Background The neddylation pathway conjugates NEDD8 to cullin-RING ligases and controls the proteasomal degradation of specific proteins involved in essential cell processes. Pevonedistat (MLN4924) is a selective small molecule targeting the NEDD8-activating enzyme (NAE) and inhibits an early step in neddylation, resulting in DNA re-replication, cell cycle arrest and death. We investigated the anti-tumor potential of pevonedistat in preclinical models of melanoma. Methods Melanoma cell lines and patient-derived tumor xenografts (PDTX) treated with pevonedistat were assessed for viability/apoptosis and tumor growth, respectively, to identify sensitive/resistant models...
October 25, 2016: Investigational New Drugs
Amber Kunkel, Forrest W Crawford, James Shepherd, Ted Cohen
OBJECTIVE: Extending the duration of isoniazid preventive therapy (IPT) among people living with HIV (PLHIV) may improve its effectiveness at both individual and population levels, but could also increase selective pressure in favor of isoniazid-resistant tuberculosis (TB) strains. The objective of this study was to determine the relative importance of these two effects. METHODS: Transmission dynamic model. DESIGN: We created a mathematical model of TB transmission incorporating HIV incidence and treatment, mixed strain latent TB infections, and four different phenotypes of TB drug resistance (pan-susceptible, isoniazid monoresistant, rifampicin monoresistant, and multidrug resistant)...
November 13, 2016: AIDS
Patrick Kellner, Mattia Müller, Tobias Piegeler, Philipp Eugster, Christa Booy, Martin Schläpfer, Beatrice Beck-Schimmer
BACKGROUND: Patients experiencing acute lung injury (ALI) often need mechanical ventilation for which sedation may be required. In such patients, usually the first choice an intravenously administered drug. However, growing evidence suggests that volatile anesthetics such as sevoflurane are a valuable alternative. In this study, we evaluate pulmonary and systemic effects of long-term (24-hour) sedation with sevoflurane compared with propofol in an in vivo animal model of ALI. METHODS: Adult male Wistar rats were subjected to ALI by intratracheal lipopolysaccharide (LPS) application, mechanically ventilated and sedated for varying intervals up to 24 hours with either sevoflurane or propofol...
October 24, 2016: Anesthesia and Analgesia
Nicholas M Dalesio, Craig W Hendrix, Douglas Hale McMichael, Carol B Thompson, Carlton K K Lee, Huy Pho, Rafael S Arias, Rachael Rzasa Lynn, Jeffrey Galinkin, Myron Yaster, Robert H Brown, Alan R Schwartz
BACKGROUND: Obesity causes multiorgan dysfunction, specifically metabolic abnormalities in the liver. Obese patients are opioid-sensitive and have high rates of respiratory complications after surgery. Obesity also has been shown to cause resistance to leptin, an adipose-derived hormone that is key in regulating hunger, metabolism, and respiratory stimulation. We hypothesized that obesity and leptin deficiency impair opioid pharmacokinetics (PK) independently of one another. METHODS: Morphine PK were characterized in C57BL/6J wild-type (WT), diet-induced obese (DIO), and leptin-deficient (ob/ob) mice, and in ob/ob mice given leptin-replacement (LR) therapy...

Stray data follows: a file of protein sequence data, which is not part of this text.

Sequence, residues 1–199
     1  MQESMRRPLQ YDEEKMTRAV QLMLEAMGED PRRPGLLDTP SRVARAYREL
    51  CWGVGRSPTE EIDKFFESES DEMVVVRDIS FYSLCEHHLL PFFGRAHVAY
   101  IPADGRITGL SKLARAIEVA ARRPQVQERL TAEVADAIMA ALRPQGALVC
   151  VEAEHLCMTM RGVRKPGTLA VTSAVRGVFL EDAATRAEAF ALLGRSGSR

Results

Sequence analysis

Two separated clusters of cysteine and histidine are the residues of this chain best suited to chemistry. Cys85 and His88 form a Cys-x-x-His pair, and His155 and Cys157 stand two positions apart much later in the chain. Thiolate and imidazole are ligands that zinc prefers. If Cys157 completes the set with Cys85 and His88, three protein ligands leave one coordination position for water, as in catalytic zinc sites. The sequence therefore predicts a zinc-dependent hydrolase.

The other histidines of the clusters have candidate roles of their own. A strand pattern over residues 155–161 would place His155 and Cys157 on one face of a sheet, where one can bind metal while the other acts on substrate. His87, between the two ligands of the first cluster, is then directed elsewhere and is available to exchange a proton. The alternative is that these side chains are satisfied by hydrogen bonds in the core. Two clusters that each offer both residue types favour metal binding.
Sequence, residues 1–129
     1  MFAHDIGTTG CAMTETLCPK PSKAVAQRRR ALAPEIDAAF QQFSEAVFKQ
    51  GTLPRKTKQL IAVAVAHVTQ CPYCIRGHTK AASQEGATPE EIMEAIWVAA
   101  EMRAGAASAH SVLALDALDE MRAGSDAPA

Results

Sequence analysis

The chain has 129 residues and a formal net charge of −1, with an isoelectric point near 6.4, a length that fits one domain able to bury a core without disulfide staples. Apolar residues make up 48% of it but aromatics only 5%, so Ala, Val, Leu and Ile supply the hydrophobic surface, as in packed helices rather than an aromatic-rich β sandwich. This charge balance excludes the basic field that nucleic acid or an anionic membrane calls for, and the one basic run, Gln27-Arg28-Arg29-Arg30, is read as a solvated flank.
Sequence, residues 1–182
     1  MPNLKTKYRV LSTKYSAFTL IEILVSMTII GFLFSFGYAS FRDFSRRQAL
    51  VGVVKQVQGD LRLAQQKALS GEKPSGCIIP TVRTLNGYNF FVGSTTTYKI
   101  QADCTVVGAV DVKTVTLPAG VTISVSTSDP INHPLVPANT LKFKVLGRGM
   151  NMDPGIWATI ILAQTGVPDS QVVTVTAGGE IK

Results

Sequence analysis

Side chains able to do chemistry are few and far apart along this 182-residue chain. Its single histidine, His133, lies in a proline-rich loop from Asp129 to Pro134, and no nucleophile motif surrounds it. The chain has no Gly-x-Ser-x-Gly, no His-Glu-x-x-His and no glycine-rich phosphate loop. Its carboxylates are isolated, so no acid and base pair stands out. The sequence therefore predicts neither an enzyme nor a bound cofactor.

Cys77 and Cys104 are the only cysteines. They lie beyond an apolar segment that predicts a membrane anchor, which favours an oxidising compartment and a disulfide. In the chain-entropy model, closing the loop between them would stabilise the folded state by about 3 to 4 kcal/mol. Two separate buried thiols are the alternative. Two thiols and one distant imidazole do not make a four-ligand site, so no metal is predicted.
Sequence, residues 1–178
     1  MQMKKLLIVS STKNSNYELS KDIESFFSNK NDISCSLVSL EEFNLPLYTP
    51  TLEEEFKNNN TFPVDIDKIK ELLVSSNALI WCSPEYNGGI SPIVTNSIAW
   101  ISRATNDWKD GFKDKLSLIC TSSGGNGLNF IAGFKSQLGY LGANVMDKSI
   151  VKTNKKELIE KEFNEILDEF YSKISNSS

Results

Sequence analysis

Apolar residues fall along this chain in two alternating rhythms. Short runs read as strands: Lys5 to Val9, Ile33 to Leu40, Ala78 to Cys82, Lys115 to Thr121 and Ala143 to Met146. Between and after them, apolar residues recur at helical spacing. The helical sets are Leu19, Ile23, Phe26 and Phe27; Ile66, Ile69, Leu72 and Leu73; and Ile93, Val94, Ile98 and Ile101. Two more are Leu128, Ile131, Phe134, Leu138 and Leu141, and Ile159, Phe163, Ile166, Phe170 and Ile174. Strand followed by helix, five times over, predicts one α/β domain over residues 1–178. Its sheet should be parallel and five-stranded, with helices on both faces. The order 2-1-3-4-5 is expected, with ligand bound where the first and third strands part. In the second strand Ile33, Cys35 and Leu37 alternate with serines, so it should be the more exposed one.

October 24, 2016: Anesthesia and Analgesia
Moses Abiala, John Olayiwola, Oluwatoyin Babatunde, Olapeju Aiyelaagbe, Sunday Akinyemi
BACKGROUND: Plant extracts were evaluated on poultry bacteria known to be threatening public health. This is to develop better bio-therapeutic agents from plant origin. METHODS: Bacteria were isolated from water, feed, crop, gizzard and faeces of layer chicken. Isolates of interest (Escherichia coli, Salmonella enteritidis, Pseudomonas aeruginosa and Klebsiella oxytoca) were subjected to antibiotic susceptibility test. Resistant strains were further evaluated against different plant extracts in comparison to Meropenem (control) using agar diffusion method...
October 26, 2016: BMC Complementary and Alternative Medicine
Bente Kirkhaug, May Britt Drugli, Bjørn Helge Handegård, Stian Lydersen, Merethe Åsheim, Sturla Fossum
BACKGROUND: Young children exhibiting severe externalizing problems in school are at risk of developing several poor outcomes. School-based intervention programs have been found to be effective for students with different problems, including those with behavioral problems, emotional distress, or social problems. The present study investigated whether the IY-TCM programme, as a universal stand-alone school intervention programme, reduced severe child externalizing problems as reported by the teacher, and evaluated if these children improved their social competence, internalizing problems, academic performances and student- teacher relationship as a result of the IY TCM training...
October 26, 2016: BMC Psychiatry
Hanping Li, Shuai Chang, Yang Han, Daomin Zhuang, Lin Li, Yongjian Liu, Siyang Liu, Zuoyi Bao, Wenfu Zhang, Hongbin Song, Taisheng Li, Jingyun Li
BACKGROUND: The widespread use of antiretroviral therapies has led to considerable concerns about the prevalence of drug-resistant, as transmission of drug-resistant (TDR) strains poses a challenge for the control of the HIV-1 epidemic. METHODS: We conducted an epidemiological study enrolling treatment-naïve HIV-1-positive subjects at the Peking Union Medical College Hospital since 1991. Drug resistance was determined by submitting the sequences to the Stanford University Network HIV-1 database...